The sun is bombarding Earth with radiation from the biggest solar storm in more than six years with more to come from the fast-moving eruption.
The solar flare occurred about 11 p.m. EST Sunday and will hit Earth with three different effects. The biggest issue is radiation, according to the National Oceanic and Atmospheric Administration's Space Weather Prediction Center in Colorado.
The radiation is mostly a concern for satellite disruptions. It can cause communication problems for polar-traveling airplanes, said space weather center physicist Doug Biesecker.
Radiation from Sunday's flare arrived at Earth an hour later and will likely continue through Wednesday. Levels are considered strong but other storms have been more severe. This storm is the strongest for radiation since May 2005.
The radiation — in the form of protons — came flying out of the sun at 93 million mph.
A solar eruption is followed by a one-two-three punch, said Antti Pulkkinen, a physicist at NASA's Goddard Space Flight Center in Maryland and Catholic University. First comes electromagnetic radiation, followed by radiation in the form of protons. Then, the coronal mass ejection — that's the plasma from the sun itself — hits. Usually that travels at about 1 or 2 million miles per hour, but this storm is particularly speedy and is shooting out at 4 million miles per hour, Biesecker said.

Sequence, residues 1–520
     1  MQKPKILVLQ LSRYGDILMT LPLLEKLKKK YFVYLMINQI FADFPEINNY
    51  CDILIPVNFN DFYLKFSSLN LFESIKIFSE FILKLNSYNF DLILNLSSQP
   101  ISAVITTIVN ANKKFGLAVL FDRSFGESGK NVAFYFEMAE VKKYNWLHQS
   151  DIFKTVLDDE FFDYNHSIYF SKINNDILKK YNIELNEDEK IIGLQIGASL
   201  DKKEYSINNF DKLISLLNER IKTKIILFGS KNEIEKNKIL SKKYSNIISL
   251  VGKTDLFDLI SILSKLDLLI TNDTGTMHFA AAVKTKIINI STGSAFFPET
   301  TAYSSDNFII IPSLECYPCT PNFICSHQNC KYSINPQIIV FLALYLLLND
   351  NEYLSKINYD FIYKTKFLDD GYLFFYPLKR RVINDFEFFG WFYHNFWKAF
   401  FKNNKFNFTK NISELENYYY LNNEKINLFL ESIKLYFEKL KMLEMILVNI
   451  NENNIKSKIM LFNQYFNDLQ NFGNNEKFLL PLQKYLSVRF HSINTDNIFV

It's the plasma that causes much of the noticeable problems on Earth, such as electrical grid outages. In 1989, a solar storm caused a massive blackout in Quebec. It can also pull the northern lights further south.
But this coronal mass ejection seems likely to be only moderate, with a chance for becoming strong, Biesecker said. The worst of it is likely to go north of Earth.